Does Your Partner Have A Low Sperm Count?
Finding out the cause of your partner's infertility can be challenging. Male infertility specialists have different ways of doing that, but here are some of the tests you can expect:
Sperm and Semen Analysis
A trained expert checks your partner's sperm count, their shape, movement, and other characteristics. In general, if your partner have a higher number of normal-shaped sperm, it means your partner have higher fertility. But there are plenty of exceptions to this. A lot of guys with low sperm counts or abnormal semen are still fertile. And about 15% of infertile men have normal semen and plenty of normal sperm.
If the first semen analysis is normal, your doctor may order a second test to confirm the results. Two normal tests usually mean your partner don't have any significant infertility problems. If something in the results looks unusual, your doctor might order more tests to pinpoint the problem.
If your partner don't have any semen or sperm at all, it might be because of a blockage in your partner's "plumbing" that can be corrected with surgery.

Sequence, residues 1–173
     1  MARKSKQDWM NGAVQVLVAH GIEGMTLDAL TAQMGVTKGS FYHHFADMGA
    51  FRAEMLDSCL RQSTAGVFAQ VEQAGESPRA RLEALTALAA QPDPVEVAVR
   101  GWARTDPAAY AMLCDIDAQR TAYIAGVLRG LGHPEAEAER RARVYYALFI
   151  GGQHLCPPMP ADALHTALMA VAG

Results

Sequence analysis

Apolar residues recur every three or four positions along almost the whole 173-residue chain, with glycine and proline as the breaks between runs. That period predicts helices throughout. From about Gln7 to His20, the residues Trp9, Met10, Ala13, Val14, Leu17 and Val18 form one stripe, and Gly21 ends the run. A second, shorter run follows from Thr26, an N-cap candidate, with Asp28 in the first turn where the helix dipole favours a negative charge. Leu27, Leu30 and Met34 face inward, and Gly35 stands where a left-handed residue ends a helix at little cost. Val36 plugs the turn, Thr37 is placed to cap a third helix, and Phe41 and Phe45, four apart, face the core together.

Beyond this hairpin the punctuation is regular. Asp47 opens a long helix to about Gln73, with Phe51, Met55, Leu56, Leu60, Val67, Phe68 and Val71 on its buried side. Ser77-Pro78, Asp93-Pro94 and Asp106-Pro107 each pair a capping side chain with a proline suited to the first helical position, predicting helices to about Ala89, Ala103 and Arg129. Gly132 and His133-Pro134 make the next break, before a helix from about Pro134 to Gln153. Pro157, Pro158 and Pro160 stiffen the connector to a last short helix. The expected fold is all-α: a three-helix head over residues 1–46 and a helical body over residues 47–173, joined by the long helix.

It can find varicoceles -- abnormal formations of veins above the testicle. Your partner can get it corrected with surgery.
Testosterone and other hormones control the making of sperm. Keep in mind, though, that hormones aren't the main problem in about 97% of infertile men. Experts disagree as to how big a search should be done for hormonal causes of infertility.
It can identify specific obstacles to fertility and problems with your partner's sperm. Experts differ on when genetic tests should be done.
Some men make abnormal antibodies that attack the sperm on the way to the egg, which keeps you from getting pregnant.
For other guys, making sperm isn't the problem: It's getting the sperm where they need to go. Men with these conditions have normal sperm in their testicles, but the sperm in semen are either missing, in low numbers, or abnormal.